The 1951 AJS Porcupine.
During the winter of 1950, the AJS factory at Plumstead had been busy developing their 500cc Porcupine machine for the 1951 season.
The aim of the modifications was to produce “increased power, greater engine flexibility and an overall reduction in weight”.
|The Porcupine without the spikes on the cylinder head.|
Going to the engine, the most notable change to the Porcupine for 1951 is the losing of its spikes. For ease of development reasons, separate cylinder heads with horizontal transverse fins replaced the former cooling spines. This enabled detachable cam boxes and spring chambers to be incorporated, whilst the 14mm spark plugs are centrally located. The only other change to the engine is the enclosing of the main oil pump into the bottom of the crankcase to which is bolted a long boat-shaped light alloy sump holding over a gallon of lubricant.
|New central floatchamber supports dual mixing chambers fitted with horizontal jets|
An important modification was the use of a central float chamber. This enabled the carburettors to be mounted lower, giving a better sweep to the intake port. It was hoped that this modification would overcome the misfiring and uncertain running at low engine speeds.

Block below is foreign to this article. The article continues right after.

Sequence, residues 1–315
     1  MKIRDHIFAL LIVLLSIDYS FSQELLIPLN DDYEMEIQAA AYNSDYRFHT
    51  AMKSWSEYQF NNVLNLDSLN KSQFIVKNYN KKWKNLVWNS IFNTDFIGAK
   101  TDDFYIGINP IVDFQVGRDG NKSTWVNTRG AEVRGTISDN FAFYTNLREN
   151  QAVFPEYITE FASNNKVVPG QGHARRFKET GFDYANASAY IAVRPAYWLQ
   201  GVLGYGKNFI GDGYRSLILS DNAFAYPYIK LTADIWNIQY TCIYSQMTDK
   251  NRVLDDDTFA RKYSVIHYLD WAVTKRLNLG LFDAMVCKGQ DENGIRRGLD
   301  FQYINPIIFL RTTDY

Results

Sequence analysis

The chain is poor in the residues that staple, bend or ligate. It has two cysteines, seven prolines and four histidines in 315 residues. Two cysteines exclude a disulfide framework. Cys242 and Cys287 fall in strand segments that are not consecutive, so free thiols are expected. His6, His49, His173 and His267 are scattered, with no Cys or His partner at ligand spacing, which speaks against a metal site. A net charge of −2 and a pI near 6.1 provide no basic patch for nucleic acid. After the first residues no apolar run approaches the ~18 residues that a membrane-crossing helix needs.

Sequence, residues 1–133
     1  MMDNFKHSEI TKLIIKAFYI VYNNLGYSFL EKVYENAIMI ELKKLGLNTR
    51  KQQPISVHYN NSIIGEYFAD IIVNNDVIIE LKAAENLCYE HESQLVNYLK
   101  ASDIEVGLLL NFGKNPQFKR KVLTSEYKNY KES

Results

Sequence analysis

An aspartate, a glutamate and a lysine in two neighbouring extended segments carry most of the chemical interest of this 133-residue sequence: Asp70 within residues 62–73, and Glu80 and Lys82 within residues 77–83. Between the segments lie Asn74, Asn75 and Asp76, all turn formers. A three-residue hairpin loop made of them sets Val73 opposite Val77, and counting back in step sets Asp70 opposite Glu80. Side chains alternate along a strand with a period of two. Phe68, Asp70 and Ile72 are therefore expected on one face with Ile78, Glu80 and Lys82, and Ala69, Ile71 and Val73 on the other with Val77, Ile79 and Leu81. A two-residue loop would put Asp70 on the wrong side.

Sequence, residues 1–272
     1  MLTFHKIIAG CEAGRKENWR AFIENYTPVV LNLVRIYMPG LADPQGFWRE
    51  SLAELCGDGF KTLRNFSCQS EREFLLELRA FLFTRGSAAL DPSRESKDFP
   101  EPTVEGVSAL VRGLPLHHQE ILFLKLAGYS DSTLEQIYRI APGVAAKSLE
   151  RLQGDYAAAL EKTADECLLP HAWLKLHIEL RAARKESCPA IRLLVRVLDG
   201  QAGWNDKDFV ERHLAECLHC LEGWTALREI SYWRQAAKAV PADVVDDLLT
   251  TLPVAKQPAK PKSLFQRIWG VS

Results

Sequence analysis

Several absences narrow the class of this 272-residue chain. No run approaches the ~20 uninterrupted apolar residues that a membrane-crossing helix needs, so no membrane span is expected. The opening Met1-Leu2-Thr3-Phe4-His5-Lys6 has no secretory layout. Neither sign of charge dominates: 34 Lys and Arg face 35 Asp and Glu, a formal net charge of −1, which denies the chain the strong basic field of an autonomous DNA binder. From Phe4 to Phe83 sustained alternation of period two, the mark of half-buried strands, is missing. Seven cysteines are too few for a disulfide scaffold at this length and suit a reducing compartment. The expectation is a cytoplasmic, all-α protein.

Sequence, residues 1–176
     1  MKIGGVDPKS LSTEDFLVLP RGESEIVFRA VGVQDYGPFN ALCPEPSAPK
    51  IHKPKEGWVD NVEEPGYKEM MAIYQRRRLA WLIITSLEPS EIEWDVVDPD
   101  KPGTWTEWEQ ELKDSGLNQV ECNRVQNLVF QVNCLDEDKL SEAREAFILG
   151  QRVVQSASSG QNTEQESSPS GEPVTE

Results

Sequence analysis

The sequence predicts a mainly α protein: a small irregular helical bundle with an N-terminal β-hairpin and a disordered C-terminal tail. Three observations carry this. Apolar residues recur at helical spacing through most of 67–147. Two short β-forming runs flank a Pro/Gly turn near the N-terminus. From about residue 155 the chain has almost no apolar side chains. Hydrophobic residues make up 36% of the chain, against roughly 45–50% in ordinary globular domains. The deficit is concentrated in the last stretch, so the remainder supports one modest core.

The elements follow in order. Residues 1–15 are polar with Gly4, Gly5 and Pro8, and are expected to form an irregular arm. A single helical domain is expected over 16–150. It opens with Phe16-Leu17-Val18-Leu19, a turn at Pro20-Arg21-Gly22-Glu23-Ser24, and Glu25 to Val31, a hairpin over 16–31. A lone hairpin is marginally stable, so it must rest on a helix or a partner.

The wheelbase was shortened by 1” for 1951 and weight was also shaved from the frame. Extra weight savings were made due to the absence if an oil tank and associated pipe work. The front forks were also shortened by 1” and a new alloy top yoke and two-piece sheet steel bottom yoke were used. Smaller wheels were fitted - 19 by 3.00 ins at the front, and 19 by 3.25 ins at the rear. The 10” front brake which was first used at the 1950 Belgian GP was refined slightly, but used for 1951. The rear brake remained unaltered.New F.I.M. regulations meant than a new triangulated support for the longer rear mudguard was necessary. The seat was shorter than the 1950 design, and a zipped pocket was incorporated into it in order to hold two spare spark plugs.
|The 1951 AJS Porcupine|